I really couldn’t care what party runs this part of Ireland as long as we are free from British interference I have no wish to be associated or governed by a country that sold our people as slaves, has for thousands of years murdered all around them in the pursuit of profit, and even today is manufacturing reasons and supplying weaponry for others to murder under the guise of protecting human rights but in reality is for financial gain.

  • Everyone born on the island of Ireland should be able to say they are Irish. However the confusion between geographic Irishness and ethnic Irishness, and also between the island of Ireland and the Republic of Ireland, has tainted the word “Irish” in many minds. If the Irishness on offer is not to everyone’s taste then it is no wonder that many who (in an ideal world) should feel Irish do not.

  • Barnshee

    “I totally agree with you everyone born on the island of Ireland is Irish it is unionism that cannot accept that fact”

    Er—I have relative born in Germany (Father stationed there) Cannot speak a word of German Carries British passport
    Have another born Hong Kong — similar.

    By you def they are German and Chinese respectively.

    Birth Location don`t necessarily give nationality (Further confirmation at your local Chinese Rest)

  • sonofstrongbow

    As a unionist I have no difficulty in being Irish, geographically speaking. As has been observed already the difficulty arises with the confusion that arises when geographical Irishness and political Irishness is taken to be one and the same thing.

    It may be part of the problem that the 26 county Republic of Ireland assumed the name Ireland for the official name of the state. The diffuculty is further exacerbated by the argument that you can’t be Irish unless you subscribe to a mono-cultural view of what being Irish requires. Thus if you don’t, for example, agree with costly and intrusive legal underpinning of the Irish Language you aren’t truly Irish.

    This non-Irish-Irish community also receive mixed messages from the self-proclaimed Irish-Irish community. On this thread a poster at one and the same time states that they accept unionists as Irish (alleging that it is unionists themselves alone have problems with the concept) yet goes on to jibe about when another poster’s “ancestors” first “planted their butts in Ireland”. The implication being that the difficulty accepting others Irishness may come from some of those who claim a superior pure Irish lineage. Super Irish if you will.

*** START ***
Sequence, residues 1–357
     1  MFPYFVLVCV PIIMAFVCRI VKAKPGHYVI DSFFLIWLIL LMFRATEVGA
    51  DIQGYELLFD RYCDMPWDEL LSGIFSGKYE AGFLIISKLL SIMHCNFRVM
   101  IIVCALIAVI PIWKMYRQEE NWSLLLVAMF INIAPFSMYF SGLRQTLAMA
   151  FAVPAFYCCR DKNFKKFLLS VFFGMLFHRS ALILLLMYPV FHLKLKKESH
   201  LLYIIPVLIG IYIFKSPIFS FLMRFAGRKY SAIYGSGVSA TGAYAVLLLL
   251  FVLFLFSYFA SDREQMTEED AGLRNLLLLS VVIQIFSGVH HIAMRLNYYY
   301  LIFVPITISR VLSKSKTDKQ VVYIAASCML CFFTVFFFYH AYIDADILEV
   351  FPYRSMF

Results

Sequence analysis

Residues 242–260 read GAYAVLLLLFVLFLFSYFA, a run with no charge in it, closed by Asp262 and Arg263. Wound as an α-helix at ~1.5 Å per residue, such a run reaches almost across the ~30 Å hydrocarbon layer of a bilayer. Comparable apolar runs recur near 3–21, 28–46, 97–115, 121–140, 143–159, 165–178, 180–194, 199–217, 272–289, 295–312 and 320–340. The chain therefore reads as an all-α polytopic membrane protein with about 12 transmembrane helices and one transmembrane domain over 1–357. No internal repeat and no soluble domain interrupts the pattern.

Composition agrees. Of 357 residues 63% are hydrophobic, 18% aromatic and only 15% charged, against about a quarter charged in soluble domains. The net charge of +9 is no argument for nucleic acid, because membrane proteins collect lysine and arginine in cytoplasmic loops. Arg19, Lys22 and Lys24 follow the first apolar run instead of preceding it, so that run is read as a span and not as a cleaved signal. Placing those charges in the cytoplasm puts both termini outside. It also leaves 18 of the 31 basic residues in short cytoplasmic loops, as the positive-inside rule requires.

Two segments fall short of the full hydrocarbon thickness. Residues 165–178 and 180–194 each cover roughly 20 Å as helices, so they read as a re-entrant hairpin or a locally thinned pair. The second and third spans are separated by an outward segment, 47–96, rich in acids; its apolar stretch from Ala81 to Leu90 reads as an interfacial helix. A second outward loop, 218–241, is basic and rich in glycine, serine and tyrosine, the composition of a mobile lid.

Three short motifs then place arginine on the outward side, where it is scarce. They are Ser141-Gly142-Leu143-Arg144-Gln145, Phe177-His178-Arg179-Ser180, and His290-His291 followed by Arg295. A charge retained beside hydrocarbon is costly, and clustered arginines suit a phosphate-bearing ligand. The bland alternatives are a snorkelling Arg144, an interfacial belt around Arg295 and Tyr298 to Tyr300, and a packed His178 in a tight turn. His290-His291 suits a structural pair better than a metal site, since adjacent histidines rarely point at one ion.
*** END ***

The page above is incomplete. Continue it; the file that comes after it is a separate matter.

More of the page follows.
So again I’ll state I’m Irish. That is not diluted by my pleasure in being a British citizen and being uninterested in the Irish language, the GAA and diddlee-di culture in general.

  • tacapall

    Barnshee, Germany and Hong Kong, one was once a British colony and the other was that bit of Germany that Britain occupied after the second world war are they still occupying it.

    Any child born in Ireland who’s parents were born in Ireland or who can prove a genuine link to Ireland are Irish or can claim Irish citizenship. How other countries go about their business in deciding nationality is up to them. I know lots of people who cant speak Irish but their still Irish citizens so what difference does not knowing the native tongue make.

  • tacapall

    The non Irish Irish community is that not a contradiction in itself SOS

    “It may be part of the problem that the 26 county Republic of Ireland assumed the name Ireland for the official name of the state.”

    What else would you expect the majority of people from Ireland calling the country. I have said many times I have no problem with people who wish to keep their British identity and expressing it although that is not reciprocated by Unionism. As for your excuse for not implementing the Irish language act because of cost, take a good look at what your own culture costs this state every year with thousands of marches and bonfires.

    My comment to Reader was a joke, a tactless one I suppose for which I apoligise to Reader, but still a joke nonetheless.

  • sonofstrongbow

    ‘Non Irish Irish’ may indeed be a contradiction however it was Irish Nationslists that introduced the concept.